How are bicycle rims made? / Curved extrusion

A component I wish to manufacture (A-level Product design student here) is basically a metal (aluminium or steel) keyboard rail+slider mechanism, but one whose profile is swept around a curve of radius roughly 1.5m.

The closest components I can find which are close to this are bicycle rims. But no matter how hard I try, I cannot imagine how an extruded profile can be curved. And bicycle manufacturer’s websites are reluctant to explain!

Please could anyone explain to me how an extruded profile (metal) can be swept around a curve? Or at least, direct me to a resource where I can find this out.

EDIT: The closest I can get is “3 bed rolling” (? ) from my design teacher but all i have is a name, and a vague image in my mind of the extruded profile being fed through three rollers.

I’d need to research it first, but of the top of my head could the rim be extruded, then ‘pressed’? (rather than rolled). My bike is ancient, but ti looks like there has been somekind of pressing (ie, the rolling on the edge of the lip). The combination of extrusion and pressing would give it its final cross section.

Could be wrong…

An alternative method:

I think they’re extruded then passed through offset rollers which would give the rim it’s round shape. The seam is welded, then machined.

I could be wrong.

Thank you all!

That link was handy, gives an idea of what I need to create. I’m going to upload a sketch of what I want to create, and what impression I have of how this can be done, hopefully someone can clarify the situation for me.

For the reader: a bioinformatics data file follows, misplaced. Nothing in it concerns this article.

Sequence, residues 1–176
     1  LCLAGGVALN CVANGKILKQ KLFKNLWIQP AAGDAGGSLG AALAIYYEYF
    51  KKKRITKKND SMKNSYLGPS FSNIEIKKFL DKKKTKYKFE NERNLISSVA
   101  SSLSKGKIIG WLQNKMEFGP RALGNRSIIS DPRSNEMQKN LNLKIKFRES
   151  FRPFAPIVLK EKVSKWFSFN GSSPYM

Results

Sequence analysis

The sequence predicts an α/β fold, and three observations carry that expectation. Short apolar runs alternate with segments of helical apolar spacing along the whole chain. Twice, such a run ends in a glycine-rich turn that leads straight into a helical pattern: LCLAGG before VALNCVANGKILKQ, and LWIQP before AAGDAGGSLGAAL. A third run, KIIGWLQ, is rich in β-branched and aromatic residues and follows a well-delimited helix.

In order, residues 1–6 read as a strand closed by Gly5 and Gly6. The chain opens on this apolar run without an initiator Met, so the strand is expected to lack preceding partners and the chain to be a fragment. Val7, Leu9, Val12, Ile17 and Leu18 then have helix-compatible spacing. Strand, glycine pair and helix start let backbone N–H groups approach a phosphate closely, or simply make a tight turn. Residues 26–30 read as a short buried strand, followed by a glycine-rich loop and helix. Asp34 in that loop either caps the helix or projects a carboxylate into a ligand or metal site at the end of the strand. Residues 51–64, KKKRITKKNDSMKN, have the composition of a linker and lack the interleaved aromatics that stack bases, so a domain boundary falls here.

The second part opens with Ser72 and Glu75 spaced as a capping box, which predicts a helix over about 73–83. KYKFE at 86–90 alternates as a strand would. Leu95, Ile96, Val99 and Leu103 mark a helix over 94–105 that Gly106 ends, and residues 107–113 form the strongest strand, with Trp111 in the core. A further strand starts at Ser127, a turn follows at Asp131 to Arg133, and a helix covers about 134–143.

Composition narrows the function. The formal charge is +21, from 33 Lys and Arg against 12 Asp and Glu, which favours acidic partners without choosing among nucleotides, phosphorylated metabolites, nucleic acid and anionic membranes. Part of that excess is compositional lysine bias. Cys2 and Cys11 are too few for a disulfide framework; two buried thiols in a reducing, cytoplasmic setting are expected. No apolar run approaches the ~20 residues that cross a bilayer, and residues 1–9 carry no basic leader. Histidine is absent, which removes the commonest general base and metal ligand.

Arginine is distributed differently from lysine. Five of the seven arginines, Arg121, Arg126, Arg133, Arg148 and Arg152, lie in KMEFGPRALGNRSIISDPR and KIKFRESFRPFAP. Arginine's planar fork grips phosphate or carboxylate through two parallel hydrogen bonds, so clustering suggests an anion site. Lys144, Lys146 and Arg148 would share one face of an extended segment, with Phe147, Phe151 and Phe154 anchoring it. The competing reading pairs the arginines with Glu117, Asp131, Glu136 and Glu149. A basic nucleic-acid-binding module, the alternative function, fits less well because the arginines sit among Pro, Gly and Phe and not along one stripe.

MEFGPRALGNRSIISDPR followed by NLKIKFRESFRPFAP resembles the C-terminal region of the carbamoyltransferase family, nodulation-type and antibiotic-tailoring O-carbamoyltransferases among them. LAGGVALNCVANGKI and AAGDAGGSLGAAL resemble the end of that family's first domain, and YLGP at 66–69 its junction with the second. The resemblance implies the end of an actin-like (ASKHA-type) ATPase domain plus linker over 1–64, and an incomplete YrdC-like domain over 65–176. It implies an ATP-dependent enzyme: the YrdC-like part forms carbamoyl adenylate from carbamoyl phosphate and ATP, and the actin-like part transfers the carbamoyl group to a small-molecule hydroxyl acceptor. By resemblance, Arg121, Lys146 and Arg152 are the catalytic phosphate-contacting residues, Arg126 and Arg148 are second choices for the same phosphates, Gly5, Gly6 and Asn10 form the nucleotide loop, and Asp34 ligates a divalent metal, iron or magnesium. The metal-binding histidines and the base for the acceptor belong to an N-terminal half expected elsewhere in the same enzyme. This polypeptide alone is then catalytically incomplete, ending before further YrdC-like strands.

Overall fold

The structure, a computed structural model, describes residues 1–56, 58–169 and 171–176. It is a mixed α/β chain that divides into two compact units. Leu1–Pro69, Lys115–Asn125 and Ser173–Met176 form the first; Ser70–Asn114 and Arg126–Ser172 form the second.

EDIT, from the link posted earlier:

As we said, all rims begin as long, essentially straight extrusions and then undergo a rolling process to make them into ‘hoops’. No matter what the joining process, in order to build wheels that are straight and true the rims must be both ‘round’ and ‘flat’. The process of rolling the alloy extrusion into a rim compresses the grain structure of the alloy on the inside face and also stretches the grain structure on the outside edge. When the ends are joined there is a residual stress in the structure much like a bicycle frame after welding. The patented True Track Technology process stress relieves, work hardens, and fully straightens the rim without ‘forcing’ the rim to be straight. Residual stresses are completely removed. When the process is complete it is checked for ‘perfect’ roundness and run out (flatness). If there is any variation the rim is cut and recycled, not re-worked until it is acceptable. For the wheel builder this ensures a flat, round rim from the start with no need to ‘correct’ the rim by spoke tension. For the user this means a rim that will be stable over time without need to ‘tweak’ spoke tension to keep the rim straight.

Thats pretty much what I need! I’m just having trouble visualising the process! Here it is as I imagine it:

(sorry about the media, I just grabbed the first thing to-hand!)

as I imagine it, I think that the two rollers in front of the extrusion die spin at different speeds, forcing the extruded shape to be bent. Further rollers would make sure the shape does not distort, and some sort of timed-saw would chop the shape at the correct length.

My design tutor says this process would favour thinner sectioned profiles (suits me fine).

Is there absolutely any more data on this process out there?

The process is called ROLL-FORMING
A better process (better but much more expensive) is the extension of it called, PROGRESSIVE ROLL-FORMING. it’s better because it rolls the extrusion in stages, minimizing the stress, but also more expensive to orger 10 rolls than just 3. But the video i saw for bike rim was a 3-rolls roller. (i’m guessing the progressive roller is more efficient with a continuous supply, making it hard to roll into circles without it rolling onto itself.)

Another important thing: The part should be cooled. It’ll then be COLD ROLLed (cold formed) therefore pressing particles closer together, in the same direction. resulting in much stronger parts. (kinda like forging)

:slight_smile: thank you for all of this! you’ve helped a great deal with my coursework!